Kathleen A. Scott is a senior counsel in the New York office representing some of the world's largest international banks and other financial institutions concentrating on a broad range of financial services regulatory, anti-money laundering and privacy matters.
She represents financial institution clients with respect to the bank regulatory aspects of mergers and acquisitions, establishment of new banking organizations and nonbanking affiliates, and other transactions.
Kathleen also advises U.S. and non-U.S. banks, bank holding companies and other financial institutions on a broad range of federal and state regulatory issues affecting all their operations and interacts routinely with federal and state banking regulators. She has expertise regarding U.S. federal and state banking laws and regulations regarding banks as well as nonbank financial companies that might require licensing at the state level.
Kathleen also counsels financial institutions facing enforcement or other supervisory actions or investigations by state and federal regulators on their compliance with federal consumer, privacy and anti-money laundering legislation and regulations. More specifically, she handles compliance with the Gramm-Leach-Bliley Act for banks and other financial institutions and related financial privacy and information security matters. She also uses her regulatory expertise to advise financial institutions on a broad range of anti-money laundering compliance and enforcement issues.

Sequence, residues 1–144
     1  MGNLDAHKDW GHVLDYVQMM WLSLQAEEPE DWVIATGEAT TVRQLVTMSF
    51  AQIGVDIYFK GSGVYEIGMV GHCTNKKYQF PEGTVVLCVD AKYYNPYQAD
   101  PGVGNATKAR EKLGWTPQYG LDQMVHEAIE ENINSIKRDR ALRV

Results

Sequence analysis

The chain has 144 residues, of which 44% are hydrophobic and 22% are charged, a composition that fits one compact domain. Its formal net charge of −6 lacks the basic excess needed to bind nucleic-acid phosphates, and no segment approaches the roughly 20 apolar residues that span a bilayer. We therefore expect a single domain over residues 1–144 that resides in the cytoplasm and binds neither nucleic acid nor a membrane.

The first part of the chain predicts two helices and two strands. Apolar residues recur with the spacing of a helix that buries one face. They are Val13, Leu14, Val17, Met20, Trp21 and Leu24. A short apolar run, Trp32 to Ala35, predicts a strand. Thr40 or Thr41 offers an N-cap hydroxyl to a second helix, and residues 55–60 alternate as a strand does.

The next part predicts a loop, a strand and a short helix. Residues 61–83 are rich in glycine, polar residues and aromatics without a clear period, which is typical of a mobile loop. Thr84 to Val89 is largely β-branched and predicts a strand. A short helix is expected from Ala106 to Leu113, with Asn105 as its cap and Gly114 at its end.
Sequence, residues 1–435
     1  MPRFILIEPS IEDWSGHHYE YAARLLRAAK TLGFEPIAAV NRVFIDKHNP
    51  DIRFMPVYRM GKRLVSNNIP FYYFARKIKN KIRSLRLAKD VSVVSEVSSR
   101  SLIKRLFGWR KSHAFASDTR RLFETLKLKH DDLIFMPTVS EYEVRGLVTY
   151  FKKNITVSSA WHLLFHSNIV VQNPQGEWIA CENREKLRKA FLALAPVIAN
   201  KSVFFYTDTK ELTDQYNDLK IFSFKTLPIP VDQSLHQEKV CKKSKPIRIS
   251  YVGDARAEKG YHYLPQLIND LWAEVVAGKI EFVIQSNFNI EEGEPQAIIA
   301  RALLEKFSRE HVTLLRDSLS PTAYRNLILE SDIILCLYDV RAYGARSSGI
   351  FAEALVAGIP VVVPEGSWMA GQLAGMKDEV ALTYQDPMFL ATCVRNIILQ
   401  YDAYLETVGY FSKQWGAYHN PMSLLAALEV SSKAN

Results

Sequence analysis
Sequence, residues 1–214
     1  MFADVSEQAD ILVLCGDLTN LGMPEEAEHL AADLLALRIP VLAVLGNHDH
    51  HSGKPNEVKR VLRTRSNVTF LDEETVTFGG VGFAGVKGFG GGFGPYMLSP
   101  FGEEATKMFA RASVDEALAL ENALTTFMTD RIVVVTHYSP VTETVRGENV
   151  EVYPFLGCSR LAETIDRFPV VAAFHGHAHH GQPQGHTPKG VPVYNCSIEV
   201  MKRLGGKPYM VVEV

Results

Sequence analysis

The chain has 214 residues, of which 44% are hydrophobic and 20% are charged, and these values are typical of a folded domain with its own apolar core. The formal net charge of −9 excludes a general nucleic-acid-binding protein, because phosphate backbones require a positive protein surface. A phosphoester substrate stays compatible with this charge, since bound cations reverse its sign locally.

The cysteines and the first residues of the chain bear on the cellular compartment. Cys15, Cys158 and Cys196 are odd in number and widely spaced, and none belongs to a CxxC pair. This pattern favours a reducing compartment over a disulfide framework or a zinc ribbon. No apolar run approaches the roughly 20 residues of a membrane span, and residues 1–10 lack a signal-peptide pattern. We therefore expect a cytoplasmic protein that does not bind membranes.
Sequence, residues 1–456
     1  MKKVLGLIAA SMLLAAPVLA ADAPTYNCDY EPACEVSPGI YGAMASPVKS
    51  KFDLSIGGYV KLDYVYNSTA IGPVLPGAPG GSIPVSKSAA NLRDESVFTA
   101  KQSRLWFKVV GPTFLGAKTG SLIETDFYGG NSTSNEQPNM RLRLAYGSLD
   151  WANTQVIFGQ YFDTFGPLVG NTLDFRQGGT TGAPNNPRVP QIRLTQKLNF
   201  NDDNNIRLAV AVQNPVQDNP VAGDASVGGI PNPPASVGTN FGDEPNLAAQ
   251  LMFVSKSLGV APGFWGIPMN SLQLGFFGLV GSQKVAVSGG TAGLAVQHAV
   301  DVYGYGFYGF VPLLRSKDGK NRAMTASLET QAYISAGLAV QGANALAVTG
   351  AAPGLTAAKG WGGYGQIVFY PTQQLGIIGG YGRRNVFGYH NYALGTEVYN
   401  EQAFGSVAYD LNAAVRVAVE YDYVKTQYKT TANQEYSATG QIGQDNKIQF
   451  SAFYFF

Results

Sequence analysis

She also is a member of the firm's global financial technology practice, advising on the U.S. financial services regulatory aspects of cryptocurrencies, the blockchain and smart contracts and is a founding member of the firm's new global payments practice group. Additionally, she is part of the LIBOR transitions group.
Kathleen began her career as an attorney for the United States Department of Treasury and also served as an assistant counsel for the New York State Banking Department before going into private practice at two other major law firms in New York before joining Norton Rose Fulbright.
Since 2005, she has written a bi-monthly column on International Banking for the New York Law Journal. In addition, she is an editor of, and routinely contributes to, the firm's Financial Services: Regulation Tomorrow blog, which provides insight and commentary on the global financial regulatory environment.
This program provides an overview of the US anti-money laundering laws and regulations. The objectives of the course are to provide a high level review of AML laws and regulations, focusing on compliance requirements. At the end of the presentation a...